Bhubaneswar : Backed by a strong GDP growth rate, India’s oil demand is expected to be healthy in the January-March (1Q23) period, the Organisation of Petroleum exporting countries (OPEC) has estimated in its monthly oil market report.
“In 1Q23, India’s oil demand is expected to remain on a positive trajectory, growing on average at 0.2 mb/d y-o-y. In 1Q23, gas-to-oil switching is expected to continue. Similarly, zaid crops are sown and harvested between March and July. Given these factors, combined with healthy annual GDP growth of 5.6% in 2023, the total demand in 1Q23 is expected to remain healthy. The improvement in demand growth will be aided by mobility and steady demand for distillates in manufacturing and construction. The residential and petrochemical sectors’ demand for light distillates will also remain steady amidst the aviation sector’s demand for jet/kerosene” said OPEC.
India’s oil demand outlook in 4Q22 should continue to benefit from strong annual GDP growth of 6.5% in 2022 and robust manufacturing activity. An expected rise in consumer confidence will support mobility and demand for industrial products. Furthermore, the post-monsoon kharif harvesting season and construction activity are also expected to support demand growth. Accordingly, oil demand in 4Q22 is projected to grow by 0.3 mb/d y-o-y. Distillates are expected to be supported by harvesting, construction and manufacturing activity in October. Additionally, annual traditional festivities and an influx of travellers will support mobility and boost gasoline demand, and improvements in air travel will aid jet/kerosene demand. Finally, rising natural gas prices will lead to gas-to-oil switching in power generation and the industrial sector, thus improving the demand for fuel oil and distillates.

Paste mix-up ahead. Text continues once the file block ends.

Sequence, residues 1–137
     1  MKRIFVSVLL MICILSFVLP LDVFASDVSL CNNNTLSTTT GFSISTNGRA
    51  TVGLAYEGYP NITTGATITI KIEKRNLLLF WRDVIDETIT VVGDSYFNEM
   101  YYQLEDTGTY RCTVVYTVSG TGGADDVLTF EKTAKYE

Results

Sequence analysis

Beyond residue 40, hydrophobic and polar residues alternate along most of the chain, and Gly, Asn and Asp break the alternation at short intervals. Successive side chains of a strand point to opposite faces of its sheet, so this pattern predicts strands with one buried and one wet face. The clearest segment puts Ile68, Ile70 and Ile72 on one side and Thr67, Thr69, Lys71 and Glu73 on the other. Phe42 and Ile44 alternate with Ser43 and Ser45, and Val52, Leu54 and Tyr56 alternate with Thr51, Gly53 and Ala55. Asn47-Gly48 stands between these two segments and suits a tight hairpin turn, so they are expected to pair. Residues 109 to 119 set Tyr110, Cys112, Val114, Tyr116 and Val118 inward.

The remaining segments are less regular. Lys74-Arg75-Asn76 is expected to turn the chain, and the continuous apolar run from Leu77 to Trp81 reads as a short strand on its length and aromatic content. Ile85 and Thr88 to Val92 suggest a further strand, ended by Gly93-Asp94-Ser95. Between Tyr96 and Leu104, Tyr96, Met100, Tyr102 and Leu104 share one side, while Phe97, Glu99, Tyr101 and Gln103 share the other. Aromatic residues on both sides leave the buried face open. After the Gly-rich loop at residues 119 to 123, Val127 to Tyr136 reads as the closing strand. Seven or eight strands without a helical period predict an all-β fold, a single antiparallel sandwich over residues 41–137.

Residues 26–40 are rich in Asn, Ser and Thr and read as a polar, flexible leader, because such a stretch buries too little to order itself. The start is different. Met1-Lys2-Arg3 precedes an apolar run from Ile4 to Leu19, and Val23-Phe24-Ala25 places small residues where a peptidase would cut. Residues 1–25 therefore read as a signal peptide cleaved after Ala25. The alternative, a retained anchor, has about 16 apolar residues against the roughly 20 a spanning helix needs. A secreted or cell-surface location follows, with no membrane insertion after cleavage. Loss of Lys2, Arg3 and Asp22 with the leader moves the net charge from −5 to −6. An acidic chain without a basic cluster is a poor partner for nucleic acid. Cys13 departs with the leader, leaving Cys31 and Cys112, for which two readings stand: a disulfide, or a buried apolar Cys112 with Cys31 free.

Meanwhile, OPEC has kept the growth forecast for India in 2022 and 2023 unchanged at 6.5% and 5.6%, respectively. Potential growth might come in the form of better-than-anticipated 3Q22 growth as well as faster stabilizing for the elevated inflation rates. Downside risks include higher inflationary pressures, slower credit growth, and potentially, the deterioration of the global economy and a surge in COVID-19 cases.